Important Role of former Nazis in Eastern Germany." 

November 21, 1950
Central Files Decimal Number 762B.00

Minutemen: Rise of the Militia Movement in America, 1963-1969

Date Range: 1960-1969 (additional documents through 1981)
Content: 47,854 pages
Source Library: Federal Bureau of Investigation Headquarters Library


The word "militia" has been a part of the American vocabulary since colonial days, yet its definition has changed considerably over the years. Groups that were once formed for the protection of all citizens have, in many cases, evolved into radical, right-wing extremists. Due to the extensive media coverage of events such as those in Ruby Ridge, Waco, and Oklahoma City, interest in these organizations has increased dramatically. Minutemen: Rise of the Militia Movement in America, 1963-1969 sets the stage for the political evolution of the contemporary militia movement by detailing the philosophies and activities of one early example of the changed definition of “militia”: the Minutemen. This collection details the philosophy, leadership, plans and programs that were the driving forces of the Minutemen organization. 

The Minutemen was a militant anti-Communist organization formed in the early 1960s. The founder and head of the right-wing group was Robert Bolivar DePugh, a veterinary medicine entrepreneur from Norborne, Missouri. The Minutemen believed that Communism would soon take over all of America. The group armed themselves and was preparing to take back the country from the “subversives.” The Minutemen organized themselves into small cells and stockpiled weapons for an anticipated counter-revolution.

Researchers need only look at the immediate post World War II era to find the roots of today’s militia movement. It was a time of distrust and competition for international supremacy between America and the Soviet Union.  For Americans, Cold War extremism – the intense fear of communism that characterized this period – along with rapid economic and social development, and sharp disagreement over racial equality, foreign wars, the United Nations, and McCarthyism provided a seedbed for political extremism—shaping it, encouraging it, and propelling it.  Minutemen: Rise of the Militia Movement in America, 1963-1969 provides an accurate historical record of the Minutemen as well as insight and documentation about the Minutemen organization and its views on the Cold War period, Communist subversion, ideology, and the shape, fears, and themes of far right radicalism in the 1960s.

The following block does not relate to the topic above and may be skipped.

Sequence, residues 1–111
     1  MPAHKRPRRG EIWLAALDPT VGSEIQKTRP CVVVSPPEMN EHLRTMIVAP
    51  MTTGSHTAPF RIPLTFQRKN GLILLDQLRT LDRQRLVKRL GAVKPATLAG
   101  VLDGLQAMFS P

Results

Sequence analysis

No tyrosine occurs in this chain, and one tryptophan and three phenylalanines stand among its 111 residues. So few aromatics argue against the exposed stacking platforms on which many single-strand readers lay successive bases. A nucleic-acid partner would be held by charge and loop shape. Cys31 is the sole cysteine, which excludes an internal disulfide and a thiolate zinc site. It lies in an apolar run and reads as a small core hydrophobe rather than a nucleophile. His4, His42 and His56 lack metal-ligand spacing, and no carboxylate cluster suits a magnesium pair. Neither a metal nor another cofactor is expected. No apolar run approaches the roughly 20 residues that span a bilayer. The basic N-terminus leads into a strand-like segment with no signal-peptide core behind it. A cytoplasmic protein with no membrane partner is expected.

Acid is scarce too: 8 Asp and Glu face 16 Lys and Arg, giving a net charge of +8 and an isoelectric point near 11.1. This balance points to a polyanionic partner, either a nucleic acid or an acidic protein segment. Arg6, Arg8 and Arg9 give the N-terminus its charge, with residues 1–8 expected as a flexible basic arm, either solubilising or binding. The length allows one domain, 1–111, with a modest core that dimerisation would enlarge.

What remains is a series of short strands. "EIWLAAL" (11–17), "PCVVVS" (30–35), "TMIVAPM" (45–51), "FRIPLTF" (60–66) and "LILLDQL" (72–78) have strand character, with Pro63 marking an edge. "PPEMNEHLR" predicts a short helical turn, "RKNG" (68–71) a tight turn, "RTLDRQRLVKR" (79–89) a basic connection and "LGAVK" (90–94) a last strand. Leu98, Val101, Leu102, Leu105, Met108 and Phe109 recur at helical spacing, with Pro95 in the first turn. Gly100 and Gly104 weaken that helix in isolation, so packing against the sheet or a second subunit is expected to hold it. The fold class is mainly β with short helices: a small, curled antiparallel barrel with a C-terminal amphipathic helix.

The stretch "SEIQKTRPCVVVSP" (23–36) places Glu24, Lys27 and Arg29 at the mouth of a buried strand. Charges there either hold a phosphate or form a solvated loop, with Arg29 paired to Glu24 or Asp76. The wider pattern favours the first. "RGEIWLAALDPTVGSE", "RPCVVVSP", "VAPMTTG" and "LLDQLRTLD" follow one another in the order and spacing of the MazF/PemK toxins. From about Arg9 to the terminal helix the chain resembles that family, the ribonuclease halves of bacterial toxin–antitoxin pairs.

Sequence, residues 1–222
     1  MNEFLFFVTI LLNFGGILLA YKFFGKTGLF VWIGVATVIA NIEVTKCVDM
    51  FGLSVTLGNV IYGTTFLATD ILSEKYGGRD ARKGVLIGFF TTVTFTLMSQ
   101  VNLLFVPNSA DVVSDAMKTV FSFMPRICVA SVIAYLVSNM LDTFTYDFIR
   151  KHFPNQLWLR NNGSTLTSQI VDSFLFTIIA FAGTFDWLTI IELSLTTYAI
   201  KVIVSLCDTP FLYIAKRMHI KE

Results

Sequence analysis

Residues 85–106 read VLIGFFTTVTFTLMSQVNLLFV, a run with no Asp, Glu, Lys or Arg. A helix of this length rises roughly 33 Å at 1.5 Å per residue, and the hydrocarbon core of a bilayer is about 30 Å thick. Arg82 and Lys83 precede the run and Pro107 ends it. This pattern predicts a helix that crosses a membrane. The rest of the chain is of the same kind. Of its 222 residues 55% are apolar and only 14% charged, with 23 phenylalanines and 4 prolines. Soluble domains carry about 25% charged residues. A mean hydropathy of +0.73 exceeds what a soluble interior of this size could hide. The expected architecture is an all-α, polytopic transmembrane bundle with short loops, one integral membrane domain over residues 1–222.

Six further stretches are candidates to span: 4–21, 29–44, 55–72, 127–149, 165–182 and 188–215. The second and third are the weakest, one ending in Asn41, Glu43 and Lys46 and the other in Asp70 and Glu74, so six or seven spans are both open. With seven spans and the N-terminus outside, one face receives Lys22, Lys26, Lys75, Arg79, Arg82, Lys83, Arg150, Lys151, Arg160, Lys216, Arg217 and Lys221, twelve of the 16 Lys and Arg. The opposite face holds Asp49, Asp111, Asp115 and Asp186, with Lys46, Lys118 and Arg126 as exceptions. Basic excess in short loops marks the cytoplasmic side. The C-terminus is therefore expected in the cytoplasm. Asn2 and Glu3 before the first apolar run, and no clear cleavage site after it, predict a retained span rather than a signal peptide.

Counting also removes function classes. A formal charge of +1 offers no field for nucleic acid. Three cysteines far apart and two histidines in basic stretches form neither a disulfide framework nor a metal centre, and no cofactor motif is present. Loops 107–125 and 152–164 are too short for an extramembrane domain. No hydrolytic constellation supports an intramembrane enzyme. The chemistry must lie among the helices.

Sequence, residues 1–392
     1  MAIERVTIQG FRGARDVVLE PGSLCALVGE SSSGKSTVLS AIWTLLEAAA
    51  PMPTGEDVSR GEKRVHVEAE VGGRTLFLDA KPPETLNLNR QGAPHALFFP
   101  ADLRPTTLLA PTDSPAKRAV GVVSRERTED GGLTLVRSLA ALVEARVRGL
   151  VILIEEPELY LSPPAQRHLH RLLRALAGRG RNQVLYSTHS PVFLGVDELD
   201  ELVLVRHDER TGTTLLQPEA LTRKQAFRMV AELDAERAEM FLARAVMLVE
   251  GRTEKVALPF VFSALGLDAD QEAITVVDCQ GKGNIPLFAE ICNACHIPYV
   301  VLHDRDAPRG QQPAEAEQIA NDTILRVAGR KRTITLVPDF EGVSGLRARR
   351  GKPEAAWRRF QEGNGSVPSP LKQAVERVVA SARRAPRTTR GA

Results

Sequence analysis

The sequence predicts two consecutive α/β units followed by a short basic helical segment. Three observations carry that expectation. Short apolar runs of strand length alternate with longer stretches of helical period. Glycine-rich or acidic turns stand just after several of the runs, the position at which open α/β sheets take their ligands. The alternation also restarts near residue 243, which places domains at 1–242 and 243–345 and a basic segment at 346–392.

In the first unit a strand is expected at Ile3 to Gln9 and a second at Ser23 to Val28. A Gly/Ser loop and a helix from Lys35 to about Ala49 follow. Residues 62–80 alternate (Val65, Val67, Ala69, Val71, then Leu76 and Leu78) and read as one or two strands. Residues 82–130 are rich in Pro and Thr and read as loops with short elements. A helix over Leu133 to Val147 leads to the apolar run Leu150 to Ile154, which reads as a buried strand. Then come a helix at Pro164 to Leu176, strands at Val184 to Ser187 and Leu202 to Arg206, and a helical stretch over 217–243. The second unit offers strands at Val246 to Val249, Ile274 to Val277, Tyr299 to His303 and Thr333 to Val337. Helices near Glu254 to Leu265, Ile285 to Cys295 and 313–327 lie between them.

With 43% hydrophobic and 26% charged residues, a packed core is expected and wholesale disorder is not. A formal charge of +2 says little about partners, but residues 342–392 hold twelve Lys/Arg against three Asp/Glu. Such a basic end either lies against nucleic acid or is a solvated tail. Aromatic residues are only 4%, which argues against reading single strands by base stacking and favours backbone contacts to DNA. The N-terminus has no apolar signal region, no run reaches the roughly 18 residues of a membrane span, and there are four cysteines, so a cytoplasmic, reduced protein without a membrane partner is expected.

This collection includes a range of primary source documents:

  • FBI surveillance and informant reports and correspondence from various offices
  • FBI and military service surveillance reports on activities at military and naval bases, including Camp Pendleton
  • Ephemera from support groups 
  • Justice Department memoranda, correspondence, and analyses
  • Newsclippings and articles
  • Copies of handbills, pamphlets, and newsletters
  • Organizational training materials
  • Extremist Intelligence Section reports
  • Transcriptions of meeting tapes, conversations, and coded messages
  • Speech excerpts
  • Trial transcripts
  • Local and state police reports
  • Air Force Office of Special Investigations E.E.I Reports on activities of Minutemen
  • Navy Department and NCIS investigation Reports on activities of service members affiliated with the Minutemen
  • U.S. Marine Corps Intelligence Reports on activities of service members affiliated with the Minutemen in South Vietnam

Minutemen: Rise of the Militia Movement in America, 1963-1969 provides a wealth of information necessary for research in Politics and Government, Radical Studies, American Studies, Social History, Conflict Studies, Human Rights, and Sociology.

An intuitive platform makes all collections within the Archives Unbound platform cross-searchable by subject or collection.

Help us create